Matos wrote in asking for some clarification of my last post:
Darbyshire [sic], Pauline Oliveros (who ran the Mills College dept of electronic music), Laurie Anderson, Bebe Barron, Clara Rockmore, Roberta Beyer, Maryanne Amacher, Laurie Spiegel . . . wait, where precisely are women being written out of old-school electronic music history again?
I guess my concern isn't for "electronic music history," which inevitably includes all the big names he mentioned, but for the broader stories of women's involvement in music that are in told in popular press, film and television. Here I'm thinking especially of those media that are targeted towards little girls. These stories tend to focus on women as solo vocalists prior to about 1975 to the point of leaving out many important bands, to say nothing of drummers, producers, engineers, etc. Technicians are usually tremendously upstaged. So as a girl growing up in the U.S. today, you learn about women musicians, but only up to a point. You eventually deduce from mainstream sources (and the lack thereof) that women's participation was conditional, and absorb tacit assumptions such as "there weren't any women drummers before the 1980s, there weren't any female record producers in the early days, there were no all-girl garage rock bands," etc. Clearly, if you are a music critic or historian you are going to know these things aren't true. But if you're a 12 year-old and your only exposure to music history is, say, MTV and VH1, you're never going to hear about Delia Derbyshire and Pauline Oliveros and the Luv'd Ones and Mo Tucker and all the women who one way or another did musical things before mainstream history says it was culturally and realistically "possible" for them (you'll hear about the Velvet Underground, sure, but what major Velvets documentary has ever devoted serious time to Tucker?) Hopefully, if you're a precocious and resourceful 12 year-old you're going to get on the internet and find out about these people, but even then you're going to have to know what you're looking for and the digging is going to be hard and slow-going.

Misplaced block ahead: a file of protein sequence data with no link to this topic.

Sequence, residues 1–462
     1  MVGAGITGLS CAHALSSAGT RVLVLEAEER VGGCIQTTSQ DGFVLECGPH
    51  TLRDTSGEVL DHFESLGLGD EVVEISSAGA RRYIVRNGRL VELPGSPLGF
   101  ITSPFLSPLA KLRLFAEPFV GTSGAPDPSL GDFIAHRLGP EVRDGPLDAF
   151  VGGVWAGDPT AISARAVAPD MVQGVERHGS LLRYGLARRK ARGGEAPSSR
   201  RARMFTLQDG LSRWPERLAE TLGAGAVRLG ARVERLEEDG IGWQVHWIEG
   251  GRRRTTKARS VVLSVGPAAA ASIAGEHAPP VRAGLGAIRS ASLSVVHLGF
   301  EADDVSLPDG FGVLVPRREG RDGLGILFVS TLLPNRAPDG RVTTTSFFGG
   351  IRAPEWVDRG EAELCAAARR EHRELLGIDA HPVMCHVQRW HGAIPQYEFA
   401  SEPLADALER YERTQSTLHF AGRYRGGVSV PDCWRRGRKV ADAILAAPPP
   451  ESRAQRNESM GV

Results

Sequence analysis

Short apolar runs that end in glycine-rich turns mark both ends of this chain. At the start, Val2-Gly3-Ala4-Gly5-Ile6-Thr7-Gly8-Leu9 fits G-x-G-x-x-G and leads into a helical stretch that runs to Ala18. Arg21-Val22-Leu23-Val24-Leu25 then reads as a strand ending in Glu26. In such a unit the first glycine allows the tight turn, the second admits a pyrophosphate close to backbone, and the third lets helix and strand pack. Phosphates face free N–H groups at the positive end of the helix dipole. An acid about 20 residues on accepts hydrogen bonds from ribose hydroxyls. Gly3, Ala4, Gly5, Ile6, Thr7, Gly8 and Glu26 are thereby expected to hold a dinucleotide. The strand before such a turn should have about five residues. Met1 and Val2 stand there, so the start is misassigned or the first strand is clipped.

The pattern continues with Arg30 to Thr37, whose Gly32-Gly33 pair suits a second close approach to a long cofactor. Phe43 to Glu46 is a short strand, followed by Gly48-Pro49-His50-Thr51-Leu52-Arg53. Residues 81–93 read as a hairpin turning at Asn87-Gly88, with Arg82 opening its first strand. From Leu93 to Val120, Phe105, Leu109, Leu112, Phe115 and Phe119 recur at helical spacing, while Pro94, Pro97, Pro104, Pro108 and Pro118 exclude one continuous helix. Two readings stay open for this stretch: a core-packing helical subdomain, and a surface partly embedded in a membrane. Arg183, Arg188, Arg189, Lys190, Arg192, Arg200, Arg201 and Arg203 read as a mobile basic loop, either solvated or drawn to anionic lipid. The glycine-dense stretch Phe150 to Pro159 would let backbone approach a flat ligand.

Any more thoughts, Matos et al.? Keep the dialogue going!